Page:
A tiny saw-whet owl is now recovering at the Ravensbeard Wildlife Center in New York after the bird was found in the Rockefeller Center Christmas tree once the tree arrived to its final destination.
It all started when a 75-foot Norway spruce tree was cut down on Thursday in Oneonta, New York and made its journey to New York City. It was then when a worker for the company that helped transport the tree, noticed the small owl.
According to a Ravensbeard Wildlife Center’s Facebook post, the worker’s wife had contacted them asking if they took in owls for rehabilitation, thankfully they did.
After the tiny owl, which has been named Rockefeller, was turned over to the wildlife center, they immediately performed a health check. Despite his 170-mile journey, he appeared to be in good condition.
“We’ve given him fluids and are feeding him all the mice he will eat. It had been three days since he ate or drank anything. So far so good, his eyes are bright and he seems relatively in good condition with all he’s been through,” said Ravensbeard Wildlife Center in a Facebook post. “Once he checks in with the vet and gets a clean bill of health, he’ll be released to continue on his wild and wonderful journey.”
Ravensbeard Wildlife Center has been a refuge for injured and orphaned wildlife for over 20 years. However, five years ago, the center was forced to relocate and since then, they have been set up as a temporary rehab shelter. This year, they took in over 150 birds – way beyond their capacity.
The Center has recently partnered with Hootsuite to help tell the story of Rockefeller the owl, using #socialforgood to ensure his safe return to his natural habitat, and to support the work this organization does at their rescue center.
Please donate today to help them not only care for Rockefeller, but for all of the rescued animals that they continue to rescue, rehabilitate, and release HERE!
Although the owl did not sustain any injuries from the transportation, it is important for us to point out that this selected tree was most likely home to many wild animals. We hope Rockefeller Center can one day move towards a more ecological solution, instead of cutting down these beautiful trees for their Christmas display.
The post Tiny Saw-Whet Owl Found In Rockefeller Center Christmas Tree After Traveling 170 Miles To New York City appeared first on World Animal News.
The Wildlife Center of Virginia, which is experiencing a record year for black bear rescues, is currently caring for 19 cubs from across the state who have been orphaned, injured, or separated from their mothers. The young cubs were born in January and February of this year.
Upon learning that the Center recently issued a plea for food to help feed the black bear cubs, WAN and our charity Peace 4 Animals wanted to know how we could help.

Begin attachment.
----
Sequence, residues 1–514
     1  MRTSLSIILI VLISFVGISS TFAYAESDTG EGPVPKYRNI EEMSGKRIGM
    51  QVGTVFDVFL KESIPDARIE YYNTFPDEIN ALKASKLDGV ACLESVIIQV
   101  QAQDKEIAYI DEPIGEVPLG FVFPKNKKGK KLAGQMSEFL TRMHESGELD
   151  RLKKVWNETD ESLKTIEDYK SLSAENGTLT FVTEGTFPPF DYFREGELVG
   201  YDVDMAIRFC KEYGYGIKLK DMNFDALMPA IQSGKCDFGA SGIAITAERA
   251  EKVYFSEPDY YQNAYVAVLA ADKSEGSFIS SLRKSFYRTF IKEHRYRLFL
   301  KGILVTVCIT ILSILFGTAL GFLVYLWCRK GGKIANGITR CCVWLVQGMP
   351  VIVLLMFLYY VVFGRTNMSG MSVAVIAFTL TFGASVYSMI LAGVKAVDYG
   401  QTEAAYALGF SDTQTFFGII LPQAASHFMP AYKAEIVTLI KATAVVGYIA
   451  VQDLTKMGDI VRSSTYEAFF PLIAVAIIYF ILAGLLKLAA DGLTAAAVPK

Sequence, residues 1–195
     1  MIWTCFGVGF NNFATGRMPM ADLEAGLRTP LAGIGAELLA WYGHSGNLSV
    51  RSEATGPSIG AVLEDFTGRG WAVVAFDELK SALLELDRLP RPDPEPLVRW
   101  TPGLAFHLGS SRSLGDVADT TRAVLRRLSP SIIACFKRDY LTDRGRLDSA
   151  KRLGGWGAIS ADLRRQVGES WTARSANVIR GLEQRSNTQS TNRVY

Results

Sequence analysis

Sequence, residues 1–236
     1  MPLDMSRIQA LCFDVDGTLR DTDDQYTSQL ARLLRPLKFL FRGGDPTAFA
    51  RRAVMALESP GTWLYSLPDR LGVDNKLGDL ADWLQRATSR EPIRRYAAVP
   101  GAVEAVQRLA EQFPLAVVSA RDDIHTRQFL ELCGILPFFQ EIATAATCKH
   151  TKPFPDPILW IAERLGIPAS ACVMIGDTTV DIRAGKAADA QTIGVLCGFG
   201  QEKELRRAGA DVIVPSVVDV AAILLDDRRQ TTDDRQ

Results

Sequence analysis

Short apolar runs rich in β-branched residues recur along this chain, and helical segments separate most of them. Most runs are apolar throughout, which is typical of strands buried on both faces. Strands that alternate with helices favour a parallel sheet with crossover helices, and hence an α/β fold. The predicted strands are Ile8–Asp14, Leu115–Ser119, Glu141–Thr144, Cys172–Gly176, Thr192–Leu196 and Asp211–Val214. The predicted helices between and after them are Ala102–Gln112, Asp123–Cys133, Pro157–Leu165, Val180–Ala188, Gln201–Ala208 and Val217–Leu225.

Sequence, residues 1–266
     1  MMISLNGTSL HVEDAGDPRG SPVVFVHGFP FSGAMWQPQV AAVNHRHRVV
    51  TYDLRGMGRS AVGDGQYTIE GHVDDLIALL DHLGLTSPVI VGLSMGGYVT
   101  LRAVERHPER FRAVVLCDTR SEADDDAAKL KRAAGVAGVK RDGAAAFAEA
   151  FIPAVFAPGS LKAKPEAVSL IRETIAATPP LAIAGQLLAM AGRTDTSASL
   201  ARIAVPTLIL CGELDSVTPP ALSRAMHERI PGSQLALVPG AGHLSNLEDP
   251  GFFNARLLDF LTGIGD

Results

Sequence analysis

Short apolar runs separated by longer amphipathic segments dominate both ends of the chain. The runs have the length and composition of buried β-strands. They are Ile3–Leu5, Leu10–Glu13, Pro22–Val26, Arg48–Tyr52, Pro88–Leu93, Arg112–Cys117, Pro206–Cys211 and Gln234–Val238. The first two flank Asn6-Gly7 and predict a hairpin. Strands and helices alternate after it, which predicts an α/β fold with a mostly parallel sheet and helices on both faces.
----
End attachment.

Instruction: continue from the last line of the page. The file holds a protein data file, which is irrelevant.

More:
WAN connected with Lauren Edzenga, a knowledgeable Outreach Educator for The Wildlife Center of Virginia, which holds the only rehabilitation permit for black bears in the state. Hence, the facility is well-equipped to take care of this adorably unique species.
“It is fall, and it’s the time of year when bears in the wild begin to eat excessively as they bulk up for the ‘lean times’ of winter,” Edzenga told WAN. “It is called hyperphagia, and the 19 cubs are now eating us out of house and home.”
According to Edzenga, the Center’s bear-care team has increased bear feeding from 152 pounds to 190 pounds of food per day. That is 10 pounds of food per cub, seven days a week.
Fortunately, many locals have been delivering requested menu items for the cubs, including a variety of nuts.
“While these cubs are not related siblings, they are being raised together in an effort to provide them with the social interaction they require, as well as to reduce the risk of them becoming habituated or used to humans,” explained Edzenga.
To limit human interaction, Edzenga shared that only a few members of the staff care for the orphaned bear cubs. Depending on their age and condition when they arrive, cubs may live in a Zinger crate, in the Center’s Large Mammal Isolation enclosure, or in the Center’s Black Bear Complex.
The Center has some set weight guidelines that help determine when cubs are ready to move to their next stage of housing; the cubs usually move to the Large Mammal enclosure when they are more than 3.0 kg, which is typically in May. Once they weigh more than 10 kg, typically in July, they are large enough to move to the Black Bear Complex. The cubs also must be weaned from their formula before they are moved to the Black Bear Complex, which is a half-acre forest to explore.